If I could get people to believe that there are 15 or 20 nations besides Somalia vulnerable to civil failure. If I could get people to believe the slums of Rio, Mexico City, and Mumbai will make those cities’ civil order fail; that even Paris, London and Los Angeles or a city near them could also fall into civil chaos if their poor become too disenfranchised.
            If I could get people to believe that, without rapid population decline, the collapse of these cities will appear like car accidents, where one minute everything is fine and the next everything has tragically fallen apart.
            If I could get people to believe that once these civil failures are in process, all of our personal and institutional behaviors will be impotent to prevent injury – akin to trying to buckle a seat belt, mid-crash.
            If I could get people to believe that these failed conditions will not be temporary -- that after humankind consumes all the easily accessed resources in a failed attempt to keep civilization afloat, there would not be any left to rebuild.
            If, I could get people to believe, this continuously rising scarcity will eventually engulf their child or grandchild.
           Then, people might want to understand the human predicament. They might want to learn what changes might remove some of the blackness from their child’s lives.
            They might learn that the minimum change in human behavior, required to achieve the future they want for their children, implements rapid population decline (RPD.)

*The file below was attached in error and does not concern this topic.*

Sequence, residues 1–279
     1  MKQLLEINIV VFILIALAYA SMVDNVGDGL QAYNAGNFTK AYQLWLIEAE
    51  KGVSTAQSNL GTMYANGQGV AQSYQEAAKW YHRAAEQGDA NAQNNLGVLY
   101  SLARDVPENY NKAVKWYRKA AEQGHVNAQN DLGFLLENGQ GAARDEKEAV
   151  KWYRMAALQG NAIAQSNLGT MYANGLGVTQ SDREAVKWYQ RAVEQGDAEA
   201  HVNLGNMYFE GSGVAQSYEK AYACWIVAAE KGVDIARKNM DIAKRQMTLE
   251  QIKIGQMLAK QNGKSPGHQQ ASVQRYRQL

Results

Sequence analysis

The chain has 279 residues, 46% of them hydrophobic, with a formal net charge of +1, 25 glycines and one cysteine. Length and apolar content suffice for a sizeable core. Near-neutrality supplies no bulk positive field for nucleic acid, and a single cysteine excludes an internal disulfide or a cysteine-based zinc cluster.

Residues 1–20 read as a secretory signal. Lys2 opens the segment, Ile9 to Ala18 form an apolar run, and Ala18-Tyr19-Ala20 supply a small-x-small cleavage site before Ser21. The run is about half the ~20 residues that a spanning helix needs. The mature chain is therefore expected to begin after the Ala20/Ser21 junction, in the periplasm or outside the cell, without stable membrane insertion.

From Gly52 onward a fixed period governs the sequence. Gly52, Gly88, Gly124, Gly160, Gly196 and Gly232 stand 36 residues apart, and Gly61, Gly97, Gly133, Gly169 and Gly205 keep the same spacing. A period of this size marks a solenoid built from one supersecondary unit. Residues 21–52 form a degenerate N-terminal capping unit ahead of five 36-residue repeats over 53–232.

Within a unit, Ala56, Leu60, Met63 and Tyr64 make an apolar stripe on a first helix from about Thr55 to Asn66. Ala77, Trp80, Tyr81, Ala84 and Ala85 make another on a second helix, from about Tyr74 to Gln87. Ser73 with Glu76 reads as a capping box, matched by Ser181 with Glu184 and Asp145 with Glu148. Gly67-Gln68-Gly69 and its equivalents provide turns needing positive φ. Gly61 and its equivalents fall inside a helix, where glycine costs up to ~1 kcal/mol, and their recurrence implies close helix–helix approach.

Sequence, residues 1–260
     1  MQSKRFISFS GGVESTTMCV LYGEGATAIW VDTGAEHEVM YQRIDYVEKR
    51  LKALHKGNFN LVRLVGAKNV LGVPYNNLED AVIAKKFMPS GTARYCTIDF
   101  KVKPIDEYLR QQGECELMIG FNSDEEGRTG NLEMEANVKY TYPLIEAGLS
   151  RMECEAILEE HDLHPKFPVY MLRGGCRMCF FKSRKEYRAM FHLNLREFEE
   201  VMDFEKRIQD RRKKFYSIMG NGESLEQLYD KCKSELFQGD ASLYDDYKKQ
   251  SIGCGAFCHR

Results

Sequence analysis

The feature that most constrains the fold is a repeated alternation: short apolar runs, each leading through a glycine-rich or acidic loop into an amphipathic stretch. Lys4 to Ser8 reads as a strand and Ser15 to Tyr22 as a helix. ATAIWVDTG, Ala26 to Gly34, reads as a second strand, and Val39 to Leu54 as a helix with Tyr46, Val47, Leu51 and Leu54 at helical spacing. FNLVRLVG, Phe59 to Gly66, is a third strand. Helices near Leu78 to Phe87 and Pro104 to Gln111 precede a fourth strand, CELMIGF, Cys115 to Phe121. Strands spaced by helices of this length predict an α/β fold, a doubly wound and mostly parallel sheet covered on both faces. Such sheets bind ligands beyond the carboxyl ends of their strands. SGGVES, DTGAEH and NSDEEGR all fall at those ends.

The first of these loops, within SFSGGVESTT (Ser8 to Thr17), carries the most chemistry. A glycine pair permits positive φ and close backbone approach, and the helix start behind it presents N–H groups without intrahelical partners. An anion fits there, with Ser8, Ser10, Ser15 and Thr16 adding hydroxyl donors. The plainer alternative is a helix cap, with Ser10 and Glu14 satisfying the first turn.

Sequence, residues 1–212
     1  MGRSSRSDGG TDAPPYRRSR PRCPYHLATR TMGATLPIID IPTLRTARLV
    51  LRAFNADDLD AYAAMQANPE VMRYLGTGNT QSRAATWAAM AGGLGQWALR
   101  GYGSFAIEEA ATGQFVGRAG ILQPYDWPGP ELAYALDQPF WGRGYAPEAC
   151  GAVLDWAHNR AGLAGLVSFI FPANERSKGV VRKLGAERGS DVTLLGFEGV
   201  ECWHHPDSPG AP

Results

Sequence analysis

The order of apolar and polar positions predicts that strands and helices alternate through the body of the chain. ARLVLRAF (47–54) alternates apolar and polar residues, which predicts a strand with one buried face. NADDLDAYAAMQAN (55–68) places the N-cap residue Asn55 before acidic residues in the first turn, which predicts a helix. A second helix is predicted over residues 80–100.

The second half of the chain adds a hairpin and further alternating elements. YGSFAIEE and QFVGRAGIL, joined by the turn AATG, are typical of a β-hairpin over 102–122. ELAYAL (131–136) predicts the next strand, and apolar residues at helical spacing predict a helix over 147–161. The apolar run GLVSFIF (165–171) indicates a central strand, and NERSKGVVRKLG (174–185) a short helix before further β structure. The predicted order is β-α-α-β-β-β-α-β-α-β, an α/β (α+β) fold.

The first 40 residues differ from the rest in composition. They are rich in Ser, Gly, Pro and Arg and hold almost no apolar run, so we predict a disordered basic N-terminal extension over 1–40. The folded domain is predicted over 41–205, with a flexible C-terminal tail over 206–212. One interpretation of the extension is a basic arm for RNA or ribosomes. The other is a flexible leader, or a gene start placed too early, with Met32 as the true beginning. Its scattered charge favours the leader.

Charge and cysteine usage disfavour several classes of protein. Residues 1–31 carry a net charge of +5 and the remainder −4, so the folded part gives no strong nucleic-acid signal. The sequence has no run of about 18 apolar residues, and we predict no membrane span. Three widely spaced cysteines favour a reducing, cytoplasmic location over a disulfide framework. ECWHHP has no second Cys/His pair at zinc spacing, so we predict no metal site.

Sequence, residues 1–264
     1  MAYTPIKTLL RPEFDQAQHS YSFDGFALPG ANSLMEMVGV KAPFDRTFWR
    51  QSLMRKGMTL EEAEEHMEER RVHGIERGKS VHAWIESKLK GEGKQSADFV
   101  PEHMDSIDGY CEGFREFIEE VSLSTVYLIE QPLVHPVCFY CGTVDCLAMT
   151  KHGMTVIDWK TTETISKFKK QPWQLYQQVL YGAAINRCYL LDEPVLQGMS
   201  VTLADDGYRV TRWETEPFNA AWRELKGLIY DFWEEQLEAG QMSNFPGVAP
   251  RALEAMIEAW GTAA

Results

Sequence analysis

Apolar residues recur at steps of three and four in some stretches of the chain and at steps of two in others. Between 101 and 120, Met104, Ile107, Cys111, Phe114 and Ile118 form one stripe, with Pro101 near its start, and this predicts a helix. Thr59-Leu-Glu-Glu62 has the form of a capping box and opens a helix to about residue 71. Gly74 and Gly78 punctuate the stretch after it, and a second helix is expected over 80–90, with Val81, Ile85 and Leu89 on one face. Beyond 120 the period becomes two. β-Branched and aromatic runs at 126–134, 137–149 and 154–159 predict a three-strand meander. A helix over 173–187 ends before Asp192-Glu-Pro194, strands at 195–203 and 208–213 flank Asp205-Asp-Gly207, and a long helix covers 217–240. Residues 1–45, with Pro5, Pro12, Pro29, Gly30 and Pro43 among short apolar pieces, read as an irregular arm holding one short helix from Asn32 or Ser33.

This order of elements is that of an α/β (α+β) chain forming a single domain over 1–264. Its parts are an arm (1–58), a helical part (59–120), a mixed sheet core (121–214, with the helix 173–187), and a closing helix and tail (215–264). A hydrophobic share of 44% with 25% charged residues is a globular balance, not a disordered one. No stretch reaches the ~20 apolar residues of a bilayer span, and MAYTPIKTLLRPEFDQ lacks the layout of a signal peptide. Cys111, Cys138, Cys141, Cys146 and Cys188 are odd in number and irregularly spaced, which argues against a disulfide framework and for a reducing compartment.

They might learn that a static population is a meaningless, momentary value and a target that accomplishes too little too late. They might learn that the slow population reductions existing in Europe, Japan and other developed countries will also be too little too late.
            The following essays reveal how fast and how much population-decline is needed to reverse the existing trend toward civilization collapse.
            If I succeed in changing the reader's belief about the problem and the weaknesses in our attempts to address it, and the book sells more than a few copies, then humankind will have a kernel of believers that think rapid population decline should be universally implemented.
            Because, this small group cannot reverse any population trends, I then describe, “How to grow this kernel of believers into majority constituencies of each nation.”  And, “How, using Garret Hardin's ‘mutual coercion mutually agreed upon,’ nations can implement rapid population decline policies.”

            A handful of nations implementing rapid population decline will not be enough to reverse global trends. In order for civilization to survive, these “rapid-population-decline” nations will have to band together into a commonwealth creating a border around themselves and their mutually held commons. No human migration or commerce will cross this boundary. Those on each side will become isolated from one another. Each will progress toward different conditions.
            This part of the human experiment's path into the light is pretty dark. While the quality of life within the RPD commonwealth is ever brightening for its constituents (with progressively more resources per person), the quality of life for nations outside will darken (with progressively less resources per person). Resource scarcity in non-commonwealth nations will become so acute that resulting anarchy will crush their social order, decimate their productive capacities, create a die-off, and reduce the survivors to bands of subsistence farmers and hunter and gatherers.           
            Any aid given by the commonwealth to non-commonwealth nations will not change this outcome.  Instead of alleviating suffering aid will expand it by prolonging the death throes of their dysfunctional civilization.
            Aid will also create additional risks to the commonwealth by maintaining a base from which to launch resource wars.   
            There is a path into the light for each of these nations. Each can join the commonwealth if they implement RPD behaviors and achieve rapid population decline within their borders -- before they fail. The commonwealth will readily provide aid to implement RPD behaviors.